Getting into Dinaledi required a steep climb up a sharp limestone block called "the Dragon's Back" and then down a narrow crack only 7 inches (18 centimeters) wide. A global call for researchers who could fit through this chute resulted in six women chosen to serve as what the researchers called "underground astronauts."
"They risked their lives on a daily basis to recover these extraordinary fossils," study lead author Lee Berger, a paleoanthropologist at the University of the Witwatersrand in Johannesburg, told Live Science.
There seems to be disagreement over whether they are to be classified as being in the genus Homo and whether the find represented a burial spot for the 15 members of this group. And they have yet to take DNA samples because of the work doing reconstruction.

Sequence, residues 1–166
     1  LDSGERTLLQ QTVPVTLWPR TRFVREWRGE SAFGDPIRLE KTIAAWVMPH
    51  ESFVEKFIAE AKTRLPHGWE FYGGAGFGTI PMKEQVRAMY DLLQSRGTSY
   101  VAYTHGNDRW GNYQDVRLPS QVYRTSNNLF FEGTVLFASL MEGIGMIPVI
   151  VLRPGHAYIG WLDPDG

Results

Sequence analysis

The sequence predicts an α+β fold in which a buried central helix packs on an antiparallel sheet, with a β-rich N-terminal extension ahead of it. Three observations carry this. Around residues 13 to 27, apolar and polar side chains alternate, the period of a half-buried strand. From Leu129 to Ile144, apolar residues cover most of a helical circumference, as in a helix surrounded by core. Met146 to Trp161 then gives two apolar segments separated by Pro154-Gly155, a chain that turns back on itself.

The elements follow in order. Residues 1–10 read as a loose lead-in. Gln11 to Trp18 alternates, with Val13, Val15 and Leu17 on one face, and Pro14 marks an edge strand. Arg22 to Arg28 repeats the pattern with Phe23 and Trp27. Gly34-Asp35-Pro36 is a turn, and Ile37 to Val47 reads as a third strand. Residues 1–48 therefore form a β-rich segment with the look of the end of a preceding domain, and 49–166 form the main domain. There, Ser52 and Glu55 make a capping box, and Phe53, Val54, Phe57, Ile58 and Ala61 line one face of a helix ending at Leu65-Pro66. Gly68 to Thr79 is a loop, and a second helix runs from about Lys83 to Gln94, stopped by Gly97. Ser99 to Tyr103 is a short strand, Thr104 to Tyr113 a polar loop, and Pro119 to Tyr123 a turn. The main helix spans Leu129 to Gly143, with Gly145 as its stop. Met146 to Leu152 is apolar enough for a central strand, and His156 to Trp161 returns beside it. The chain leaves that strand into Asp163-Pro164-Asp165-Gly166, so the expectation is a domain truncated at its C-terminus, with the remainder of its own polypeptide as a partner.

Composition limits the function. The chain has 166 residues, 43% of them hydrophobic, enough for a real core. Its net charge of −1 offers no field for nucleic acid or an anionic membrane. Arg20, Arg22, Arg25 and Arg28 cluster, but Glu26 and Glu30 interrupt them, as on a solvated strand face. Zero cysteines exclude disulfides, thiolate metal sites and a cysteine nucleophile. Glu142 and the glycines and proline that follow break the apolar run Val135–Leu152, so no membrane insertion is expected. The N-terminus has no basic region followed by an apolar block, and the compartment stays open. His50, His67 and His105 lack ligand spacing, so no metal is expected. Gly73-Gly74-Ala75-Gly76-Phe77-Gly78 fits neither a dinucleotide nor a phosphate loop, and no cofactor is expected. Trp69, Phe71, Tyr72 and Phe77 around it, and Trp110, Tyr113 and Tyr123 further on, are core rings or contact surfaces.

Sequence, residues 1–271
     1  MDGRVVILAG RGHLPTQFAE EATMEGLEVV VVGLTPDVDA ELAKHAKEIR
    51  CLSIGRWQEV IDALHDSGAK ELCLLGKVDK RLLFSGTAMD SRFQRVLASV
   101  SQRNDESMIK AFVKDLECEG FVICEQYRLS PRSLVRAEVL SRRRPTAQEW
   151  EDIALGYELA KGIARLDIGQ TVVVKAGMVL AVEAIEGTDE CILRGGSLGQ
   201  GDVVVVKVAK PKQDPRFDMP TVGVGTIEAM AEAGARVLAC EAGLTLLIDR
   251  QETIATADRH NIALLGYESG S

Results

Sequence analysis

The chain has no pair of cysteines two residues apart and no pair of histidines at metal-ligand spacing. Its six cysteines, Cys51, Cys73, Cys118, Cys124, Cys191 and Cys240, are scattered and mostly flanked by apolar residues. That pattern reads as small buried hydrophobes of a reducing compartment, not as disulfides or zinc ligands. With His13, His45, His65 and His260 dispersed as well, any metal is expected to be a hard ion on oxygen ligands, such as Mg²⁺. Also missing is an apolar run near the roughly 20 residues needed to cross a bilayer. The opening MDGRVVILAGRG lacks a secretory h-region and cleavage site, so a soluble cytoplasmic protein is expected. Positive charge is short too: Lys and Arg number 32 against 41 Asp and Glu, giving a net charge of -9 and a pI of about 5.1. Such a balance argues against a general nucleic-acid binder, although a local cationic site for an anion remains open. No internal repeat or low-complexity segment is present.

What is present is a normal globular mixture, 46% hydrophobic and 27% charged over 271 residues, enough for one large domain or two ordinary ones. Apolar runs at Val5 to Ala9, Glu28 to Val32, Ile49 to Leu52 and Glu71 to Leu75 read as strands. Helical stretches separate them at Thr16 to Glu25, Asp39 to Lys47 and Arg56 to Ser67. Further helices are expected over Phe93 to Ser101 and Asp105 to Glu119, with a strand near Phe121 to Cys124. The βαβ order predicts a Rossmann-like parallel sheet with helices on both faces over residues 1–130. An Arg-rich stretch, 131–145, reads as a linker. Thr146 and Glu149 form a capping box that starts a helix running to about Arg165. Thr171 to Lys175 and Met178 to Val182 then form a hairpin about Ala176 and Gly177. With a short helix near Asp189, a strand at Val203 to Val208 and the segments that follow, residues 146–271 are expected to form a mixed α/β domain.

The scientists recovered more than 1,550 bones and bone fragments, a small fraction of the fossils believed to remain in the chamber. These represent at least 15 different individuals, including infant, child, adult and elderly specimens. This is the single largest fossil hominin find made yet in Africa. (Hominins include the human lineage and its relatives dating from after the split from the chimpanzee lineage.)
It's all too good to pick and choose from. Fascinating stuff. So consider this a bookmark.